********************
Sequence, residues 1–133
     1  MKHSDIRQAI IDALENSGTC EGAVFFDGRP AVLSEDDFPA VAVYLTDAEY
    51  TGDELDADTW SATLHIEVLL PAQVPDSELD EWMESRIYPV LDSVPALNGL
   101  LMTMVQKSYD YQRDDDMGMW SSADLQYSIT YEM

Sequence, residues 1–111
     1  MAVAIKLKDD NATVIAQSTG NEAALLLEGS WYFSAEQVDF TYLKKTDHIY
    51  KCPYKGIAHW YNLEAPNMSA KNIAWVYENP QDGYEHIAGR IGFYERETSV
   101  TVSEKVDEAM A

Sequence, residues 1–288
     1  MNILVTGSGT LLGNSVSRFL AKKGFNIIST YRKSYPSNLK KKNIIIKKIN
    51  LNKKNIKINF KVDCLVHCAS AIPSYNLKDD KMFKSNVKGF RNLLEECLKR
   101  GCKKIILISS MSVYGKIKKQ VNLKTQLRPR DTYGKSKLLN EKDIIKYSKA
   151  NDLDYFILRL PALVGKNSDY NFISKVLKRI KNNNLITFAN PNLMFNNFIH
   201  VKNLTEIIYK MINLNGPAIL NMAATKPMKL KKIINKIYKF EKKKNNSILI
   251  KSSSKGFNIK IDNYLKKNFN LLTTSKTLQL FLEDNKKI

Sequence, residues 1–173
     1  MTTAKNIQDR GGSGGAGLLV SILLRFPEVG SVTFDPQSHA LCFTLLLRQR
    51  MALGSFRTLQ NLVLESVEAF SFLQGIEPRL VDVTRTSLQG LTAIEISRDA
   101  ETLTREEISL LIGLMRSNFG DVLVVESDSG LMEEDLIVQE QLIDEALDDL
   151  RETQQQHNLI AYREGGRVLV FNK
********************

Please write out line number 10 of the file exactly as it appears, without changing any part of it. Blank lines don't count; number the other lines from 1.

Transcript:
     1  MNILVTGSGT LLGNSVSRFL AKKGFNIIST YRKSYPSNLK KKNIIIKKIN